Application Dependency Mapping (ADM) probes collects information on the processes running on a server. If the process matches the conditions of a process classifier, probes will be triggered to get more information on application. CIs for such applications are created, a relationship is also created to the server where the application is running on. This article provides information on the Application Dependency Mapping flow and some troubleshooting steps.
Application Dependency Mapping Flow
The Application Dependency Mapping probe is triggered once the Identification phase completes for a device being discovered, other exploration phase probes are triggered as well after identification is complete.
The Application Dependency Mapping:
- Gathers the running processes and connections on a server via the ADM probe. There are multiple ADM probes. The ADM probe triggered will depend on the classifier, unix, windows, linux, etc.
- The data returned by the ADM probe is processed by the ADM sensor. The ADM sensor creates a JSON payload that is enriched by the DiscoveryJSONADMSensor script include.
- The DiscoveryJSONADMSensor calls the ApplicationDependencyMapping script include.
- Finally, the ApplicationDependencyMapping script include creates the application CI according to the "Discovery Definition > CI Classification > Processes" configuration.
The following document highlights some of the applications discovered out of box:
The following document goes over NGINX web server discovery and is a good example of a process classifier:
The following links will also be helpful in understanding ADM and process classification:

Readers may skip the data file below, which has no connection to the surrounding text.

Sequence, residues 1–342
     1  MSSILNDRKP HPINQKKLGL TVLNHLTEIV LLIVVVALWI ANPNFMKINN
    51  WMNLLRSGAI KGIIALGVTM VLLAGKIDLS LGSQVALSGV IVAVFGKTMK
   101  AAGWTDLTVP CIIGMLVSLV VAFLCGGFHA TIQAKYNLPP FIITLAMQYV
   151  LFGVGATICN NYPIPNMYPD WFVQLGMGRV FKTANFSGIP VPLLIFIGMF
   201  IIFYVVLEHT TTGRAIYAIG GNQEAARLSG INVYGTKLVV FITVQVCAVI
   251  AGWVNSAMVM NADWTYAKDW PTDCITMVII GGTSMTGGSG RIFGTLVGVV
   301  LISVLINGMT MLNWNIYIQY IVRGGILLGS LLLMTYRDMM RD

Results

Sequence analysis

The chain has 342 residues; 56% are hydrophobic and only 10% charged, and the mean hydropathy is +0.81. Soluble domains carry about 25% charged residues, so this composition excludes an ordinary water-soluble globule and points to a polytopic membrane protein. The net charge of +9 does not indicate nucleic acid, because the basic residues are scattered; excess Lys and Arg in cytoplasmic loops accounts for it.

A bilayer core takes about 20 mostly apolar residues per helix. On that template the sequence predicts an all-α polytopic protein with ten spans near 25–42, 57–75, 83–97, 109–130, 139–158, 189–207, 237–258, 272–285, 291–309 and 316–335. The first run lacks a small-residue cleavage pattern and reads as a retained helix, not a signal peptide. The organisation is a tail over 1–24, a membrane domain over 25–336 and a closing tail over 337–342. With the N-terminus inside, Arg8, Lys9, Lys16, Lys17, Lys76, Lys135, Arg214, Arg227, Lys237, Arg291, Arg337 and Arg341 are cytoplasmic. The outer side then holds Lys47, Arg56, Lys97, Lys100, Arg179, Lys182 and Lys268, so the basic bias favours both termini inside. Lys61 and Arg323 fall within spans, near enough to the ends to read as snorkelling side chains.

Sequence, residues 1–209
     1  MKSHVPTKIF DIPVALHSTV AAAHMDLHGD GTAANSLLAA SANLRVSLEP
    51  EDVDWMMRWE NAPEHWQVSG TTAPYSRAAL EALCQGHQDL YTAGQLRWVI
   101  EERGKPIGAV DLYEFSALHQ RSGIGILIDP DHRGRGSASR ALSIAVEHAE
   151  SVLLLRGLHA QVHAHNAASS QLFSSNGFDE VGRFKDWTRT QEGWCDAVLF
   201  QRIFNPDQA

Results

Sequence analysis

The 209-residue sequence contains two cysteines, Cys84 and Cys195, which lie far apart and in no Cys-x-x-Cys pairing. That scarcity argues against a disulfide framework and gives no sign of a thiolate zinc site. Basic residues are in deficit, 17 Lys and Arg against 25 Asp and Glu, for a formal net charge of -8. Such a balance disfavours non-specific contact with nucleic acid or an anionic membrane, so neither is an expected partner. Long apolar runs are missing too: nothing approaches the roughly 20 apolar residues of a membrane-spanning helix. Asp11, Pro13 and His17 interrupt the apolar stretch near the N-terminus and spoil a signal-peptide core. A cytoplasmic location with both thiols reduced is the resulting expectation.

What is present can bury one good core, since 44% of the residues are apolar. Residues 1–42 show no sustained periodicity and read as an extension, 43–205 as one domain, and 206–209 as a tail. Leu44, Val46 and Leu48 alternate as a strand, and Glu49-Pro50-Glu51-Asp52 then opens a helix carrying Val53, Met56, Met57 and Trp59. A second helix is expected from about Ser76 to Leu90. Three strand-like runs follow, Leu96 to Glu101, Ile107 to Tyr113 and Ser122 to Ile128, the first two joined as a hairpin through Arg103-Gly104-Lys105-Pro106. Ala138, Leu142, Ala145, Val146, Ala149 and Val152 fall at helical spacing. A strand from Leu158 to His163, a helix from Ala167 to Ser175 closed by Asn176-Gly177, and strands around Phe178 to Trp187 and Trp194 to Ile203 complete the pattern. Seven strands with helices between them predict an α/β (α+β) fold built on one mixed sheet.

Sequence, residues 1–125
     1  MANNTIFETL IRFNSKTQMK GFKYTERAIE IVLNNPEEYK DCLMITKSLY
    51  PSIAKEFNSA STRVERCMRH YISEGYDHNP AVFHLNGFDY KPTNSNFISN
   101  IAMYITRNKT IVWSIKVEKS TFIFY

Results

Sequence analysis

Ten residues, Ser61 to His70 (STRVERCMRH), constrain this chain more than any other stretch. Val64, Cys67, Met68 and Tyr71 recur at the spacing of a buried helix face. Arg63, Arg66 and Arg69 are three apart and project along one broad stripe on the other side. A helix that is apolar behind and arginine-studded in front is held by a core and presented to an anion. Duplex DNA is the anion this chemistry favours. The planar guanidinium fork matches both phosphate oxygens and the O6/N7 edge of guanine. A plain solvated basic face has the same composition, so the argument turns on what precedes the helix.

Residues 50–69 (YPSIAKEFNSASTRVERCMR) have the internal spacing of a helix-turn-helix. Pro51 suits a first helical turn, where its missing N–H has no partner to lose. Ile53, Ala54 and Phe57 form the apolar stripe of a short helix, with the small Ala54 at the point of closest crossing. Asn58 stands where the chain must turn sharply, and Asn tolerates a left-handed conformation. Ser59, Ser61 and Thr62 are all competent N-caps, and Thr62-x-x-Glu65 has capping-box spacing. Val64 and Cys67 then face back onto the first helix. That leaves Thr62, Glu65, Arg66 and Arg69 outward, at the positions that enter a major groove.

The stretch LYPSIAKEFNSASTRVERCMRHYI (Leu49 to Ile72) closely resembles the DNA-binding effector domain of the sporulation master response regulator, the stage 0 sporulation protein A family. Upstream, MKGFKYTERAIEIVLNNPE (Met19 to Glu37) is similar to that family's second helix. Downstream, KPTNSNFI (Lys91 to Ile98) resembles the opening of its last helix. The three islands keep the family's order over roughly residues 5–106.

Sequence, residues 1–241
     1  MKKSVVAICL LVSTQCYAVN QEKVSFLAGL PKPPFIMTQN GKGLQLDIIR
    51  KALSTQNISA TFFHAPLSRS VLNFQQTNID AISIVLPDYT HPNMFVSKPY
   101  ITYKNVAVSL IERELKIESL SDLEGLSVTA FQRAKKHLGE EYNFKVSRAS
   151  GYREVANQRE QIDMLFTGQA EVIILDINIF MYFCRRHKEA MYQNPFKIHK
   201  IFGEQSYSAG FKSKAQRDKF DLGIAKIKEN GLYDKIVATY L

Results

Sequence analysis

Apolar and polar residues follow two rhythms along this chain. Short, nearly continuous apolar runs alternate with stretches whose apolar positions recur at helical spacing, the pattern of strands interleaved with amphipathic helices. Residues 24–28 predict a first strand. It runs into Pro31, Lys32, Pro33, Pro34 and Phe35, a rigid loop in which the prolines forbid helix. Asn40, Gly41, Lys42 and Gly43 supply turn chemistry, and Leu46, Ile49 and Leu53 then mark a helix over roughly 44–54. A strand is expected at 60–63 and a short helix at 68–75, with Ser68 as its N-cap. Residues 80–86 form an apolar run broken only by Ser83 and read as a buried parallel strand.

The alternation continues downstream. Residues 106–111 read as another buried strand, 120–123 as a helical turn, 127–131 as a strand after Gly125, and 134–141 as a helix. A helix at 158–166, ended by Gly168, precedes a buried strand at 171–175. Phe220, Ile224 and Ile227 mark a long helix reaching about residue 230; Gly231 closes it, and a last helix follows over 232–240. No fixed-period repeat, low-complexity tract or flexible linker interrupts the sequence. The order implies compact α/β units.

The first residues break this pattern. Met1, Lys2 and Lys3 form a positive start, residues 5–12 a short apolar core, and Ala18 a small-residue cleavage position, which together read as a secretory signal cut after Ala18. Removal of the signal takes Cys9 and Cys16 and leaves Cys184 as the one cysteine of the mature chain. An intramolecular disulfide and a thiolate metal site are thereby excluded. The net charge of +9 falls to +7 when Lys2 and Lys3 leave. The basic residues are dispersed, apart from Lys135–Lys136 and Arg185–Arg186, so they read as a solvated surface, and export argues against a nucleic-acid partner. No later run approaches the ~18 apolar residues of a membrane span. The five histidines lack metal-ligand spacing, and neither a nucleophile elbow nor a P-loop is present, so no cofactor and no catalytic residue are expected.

- Create a Discovery process classification
- On classification script objects for Discovery
- Create a Discovery process handler
The following are some of the issues often seen and possible solutions.
Application Dependency Mapping probe not triggered | No application records created
If no application CIs are created at all when discovering a server, the application dependency mapping probe may be turned off for the specific class. As a solution, check if the probe is present on the classifier and make sure it is active.
- Go to "Discovery Definition > CI Classification > All".
- Search for the classifier used when discovering the server, "table=cmdb_ci_win_server" for windows servers in the following example.
- Open the classifier and find the probe on "Triggers Probes" related list.
Application Dependency Mapping probe triggered, however application is not created
In this case, it is likely that the process information did not have a condition match under the discovery_classy_proc table. For such cases:
- Open the Application Dependency Mapping input ecc_queue record.
- Find the process in the payload and check for any potential errors in the payload.
- Compare the process information with the process classifier which should have created the application and triggered further exploration probes.
- Adjust the process classifier conditions to match on the intended process if necessary.
In the following example we discover test server appserver-01. We can see in the following image that a "SQL Server Analysis Service" and two "MSFT SQL Instances" were discovered and added to the CI.
The following screenshot shows the ECC Queue related list for the discovery status, ordered newest to oldest. We can see that probes were triggered for each application discovered after the ADM input was processed.
Taking the "Windows - MSSQL" probe as an example, we can search "Discovery Definition > Probes" for "Windows - MSSQL" to find the probe. From the "Triggered by classifier" related list we can find the process classifier which triggered the probe.
Next, we can see the condition in the process classifier which triggers the "Windows - MSSQL" probe.
Finally, we can see the process information in the payload returned by the "Windows - Application Dependency Mapping" probe.
The following blog post has an example on how to configure discovery to collect information on applications not discovered out of box: